On the Norms of Visual Argument: A Case for Normative Non-revisionism

Argumentation 31 (2):395-431 (2017)
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Visual arguments can seem to require unique, autonomous evaluative norms, since their content seems irreducible to, and incommensurable with, that of verbal arguments. Yet, assertions of the ineffability of the visual, or of visual-verbal incommensurability, seem to preclude counting putatively irreducible visual content as functioning argumentatively. By distinguishing two notions of content, informational and argumentative, I contend that arguments differing in informational content can have equivalent argumentative content, allowing the same argumentative norms to be rightly applied in their evaluation.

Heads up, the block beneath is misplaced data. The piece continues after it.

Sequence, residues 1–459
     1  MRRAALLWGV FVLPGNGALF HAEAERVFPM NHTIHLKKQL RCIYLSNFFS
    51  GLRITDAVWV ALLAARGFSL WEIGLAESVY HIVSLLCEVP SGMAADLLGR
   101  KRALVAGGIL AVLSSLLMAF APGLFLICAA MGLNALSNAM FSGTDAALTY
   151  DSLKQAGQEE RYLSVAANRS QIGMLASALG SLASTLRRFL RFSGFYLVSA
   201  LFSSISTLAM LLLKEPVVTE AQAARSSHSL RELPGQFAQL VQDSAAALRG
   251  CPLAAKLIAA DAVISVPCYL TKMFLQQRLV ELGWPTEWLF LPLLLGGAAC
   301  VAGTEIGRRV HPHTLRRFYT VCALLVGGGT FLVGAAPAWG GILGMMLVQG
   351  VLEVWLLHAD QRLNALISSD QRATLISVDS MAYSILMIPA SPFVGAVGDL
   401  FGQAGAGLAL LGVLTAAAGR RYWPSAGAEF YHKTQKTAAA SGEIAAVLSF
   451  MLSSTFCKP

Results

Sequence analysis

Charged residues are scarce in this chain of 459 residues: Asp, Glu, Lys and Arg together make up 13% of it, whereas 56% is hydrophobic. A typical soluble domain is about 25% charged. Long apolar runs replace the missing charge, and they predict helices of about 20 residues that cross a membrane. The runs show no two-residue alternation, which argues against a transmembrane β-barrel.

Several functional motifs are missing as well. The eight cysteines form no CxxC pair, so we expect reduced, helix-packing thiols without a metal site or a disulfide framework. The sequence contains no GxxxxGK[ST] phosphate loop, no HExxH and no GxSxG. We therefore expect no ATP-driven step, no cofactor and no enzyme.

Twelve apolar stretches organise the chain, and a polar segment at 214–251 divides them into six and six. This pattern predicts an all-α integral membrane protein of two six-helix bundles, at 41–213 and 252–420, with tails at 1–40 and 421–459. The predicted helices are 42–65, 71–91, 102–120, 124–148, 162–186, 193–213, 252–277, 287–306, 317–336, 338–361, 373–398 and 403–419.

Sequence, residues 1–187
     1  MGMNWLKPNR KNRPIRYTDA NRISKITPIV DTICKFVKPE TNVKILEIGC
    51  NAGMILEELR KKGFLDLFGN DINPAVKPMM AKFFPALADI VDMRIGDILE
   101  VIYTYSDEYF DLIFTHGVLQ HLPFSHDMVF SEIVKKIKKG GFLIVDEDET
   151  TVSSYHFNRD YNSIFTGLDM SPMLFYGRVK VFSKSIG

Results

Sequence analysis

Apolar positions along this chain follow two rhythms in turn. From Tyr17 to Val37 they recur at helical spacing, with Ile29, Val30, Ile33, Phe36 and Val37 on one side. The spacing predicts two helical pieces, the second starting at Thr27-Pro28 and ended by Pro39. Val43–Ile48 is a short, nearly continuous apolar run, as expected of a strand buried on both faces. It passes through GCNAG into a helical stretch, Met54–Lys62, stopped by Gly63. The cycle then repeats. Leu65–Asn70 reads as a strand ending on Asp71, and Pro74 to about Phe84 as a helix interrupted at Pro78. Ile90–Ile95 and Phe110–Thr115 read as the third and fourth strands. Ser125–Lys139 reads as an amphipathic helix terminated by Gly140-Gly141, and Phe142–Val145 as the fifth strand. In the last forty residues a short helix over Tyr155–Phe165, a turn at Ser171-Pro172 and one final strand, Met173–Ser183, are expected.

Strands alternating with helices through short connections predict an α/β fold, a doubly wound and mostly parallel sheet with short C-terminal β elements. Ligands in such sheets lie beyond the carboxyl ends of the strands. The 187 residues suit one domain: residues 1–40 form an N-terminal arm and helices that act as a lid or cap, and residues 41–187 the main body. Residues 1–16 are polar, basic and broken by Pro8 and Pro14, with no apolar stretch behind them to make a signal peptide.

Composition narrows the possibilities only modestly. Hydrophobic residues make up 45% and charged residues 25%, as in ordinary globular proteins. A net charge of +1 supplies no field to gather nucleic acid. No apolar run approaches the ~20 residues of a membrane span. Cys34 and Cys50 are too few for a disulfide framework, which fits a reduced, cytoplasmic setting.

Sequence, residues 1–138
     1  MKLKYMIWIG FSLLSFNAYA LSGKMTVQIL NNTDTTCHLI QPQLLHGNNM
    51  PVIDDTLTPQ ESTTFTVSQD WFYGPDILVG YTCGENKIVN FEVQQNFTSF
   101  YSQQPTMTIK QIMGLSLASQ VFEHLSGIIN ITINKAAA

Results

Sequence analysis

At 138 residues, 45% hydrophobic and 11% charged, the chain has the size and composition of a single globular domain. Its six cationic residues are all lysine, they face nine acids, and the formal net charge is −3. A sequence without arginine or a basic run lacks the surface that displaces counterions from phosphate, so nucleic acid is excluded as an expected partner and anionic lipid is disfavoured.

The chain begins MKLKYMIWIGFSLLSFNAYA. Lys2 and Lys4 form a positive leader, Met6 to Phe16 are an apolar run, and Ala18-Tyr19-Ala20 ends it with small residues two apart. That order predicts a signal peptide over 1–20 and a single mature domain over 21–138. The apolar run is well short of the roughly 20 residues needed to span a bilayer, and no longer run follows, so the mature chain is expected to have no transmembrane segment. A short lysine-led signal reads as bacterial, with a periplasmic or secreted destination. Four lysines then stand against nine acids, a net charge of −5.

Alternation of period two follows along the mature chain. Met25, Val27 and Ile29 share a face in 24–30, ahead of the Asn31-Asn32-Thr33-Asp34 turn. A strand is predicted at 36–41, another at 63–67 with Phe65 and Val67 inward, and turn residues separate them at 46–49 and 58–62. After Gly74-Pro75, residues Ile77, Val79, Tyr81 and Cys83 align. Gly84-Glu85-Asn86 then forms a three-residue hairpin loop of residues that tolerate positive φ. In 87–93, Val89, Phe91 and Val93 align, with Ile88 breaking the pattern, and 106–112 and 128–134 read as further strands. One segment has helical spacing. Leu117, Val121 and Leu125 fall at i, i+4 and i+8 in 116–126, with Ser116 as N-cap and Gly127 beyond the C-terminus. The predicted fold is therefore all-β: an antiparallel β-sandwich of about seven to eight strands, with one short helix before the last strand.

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David Godden
Michigan State University

References found in this work

Articulating reasons: an introduction to inferentialism.Robert Brandom - 2000 - Cambridge, Mass.: Harvard University Press.
The philosophy of information.Luciano Floridi - 2011 - New York: Oxford University Press.
A practical study of argument.Trudy Govier - 1991 - Belmont, Calif.: Wadsworth Pub. Co..
Logical Self-Defense.Ralph Henry Johnson & J. Anthony Blair - 1977 - Toronto, Canada: Mcgraw-Hill.

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